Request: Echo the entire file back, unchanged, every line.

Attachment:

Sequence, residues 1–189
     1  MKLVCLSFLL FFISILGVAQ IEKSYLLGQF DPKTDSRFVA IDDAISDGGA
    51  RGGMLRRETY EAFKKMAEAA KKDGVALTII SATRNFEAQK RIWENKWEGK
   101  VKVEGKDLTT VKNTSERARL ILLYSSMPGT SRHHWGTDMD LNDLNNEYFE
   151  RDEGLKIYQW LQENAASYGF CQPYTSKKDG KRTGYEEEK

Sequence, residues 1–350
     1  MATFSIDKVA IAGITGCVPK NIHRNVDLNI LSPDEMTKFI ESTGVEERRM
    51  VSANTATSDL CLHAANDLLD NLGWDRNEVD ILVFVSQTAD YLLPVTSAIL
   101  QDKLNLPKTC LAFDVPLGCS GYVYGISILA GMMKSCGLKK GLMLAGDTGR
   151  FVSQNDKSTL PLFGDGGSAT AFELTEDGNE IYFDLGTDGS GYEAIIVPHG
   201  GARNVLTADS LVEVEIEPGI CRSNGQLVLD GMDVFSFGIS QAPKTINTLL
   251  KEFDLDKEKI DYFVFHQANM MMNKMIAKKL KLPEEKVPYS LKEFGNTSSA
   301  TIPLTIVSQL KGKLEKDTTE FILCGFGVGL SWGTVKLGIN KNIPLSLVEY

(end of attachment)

Sequence, residues 1–189
     1  MKLVCLSFLL FFISILGVAQ IEKSYLLGQF DPKTDSRFVA IDDAISDGGA
    51  RGGMLRRETY EAFKKMAEAA KKDGVALTII SATRNFEAQK RIWENKWEGK
   101  VKVEGKDLTT VKNTSERARL ILLYSSMPGT SRHHWGTDMD LNDLNNEYFE
   151  RDEGLKIYQW LQENAASYGF CQPYTSKKDG KRTGYEEEK

Sequence, residues 1–350
     1  MATFSIDKVA IAGITGCVPK NIHRNVDLNI LSPDEMTKFI ESTGVEERRM
    51  VSANTATSDL CLHAANDLLD NLGWDRNEVD ILVFVSQTAD YLLPVTSAIL
   101  QDKLNLPKTC LAFDVPLGCS GYVYGISILA GMMKSCGLKK GLMLAGDTGR
   151  FVSQNDKSTL PLFGDGGSAT AFELTEDGNE IYFDLGTDGS GYEAIIVPHG
   201  GARNVLTADS LVEVEIEPGI CRSNGQLVLD GMDVFSFGIS QAPKTINTLL
   251  KEFDLDKEKI DYFVFHQANM MMNKMIAKKL KLPEEKVPYS LKEFGNTSSA
   301  TIPLTIVSQL KGKLEKDTTE FILCGFGVGL SWGTVKLGIN KNIPLSLVEY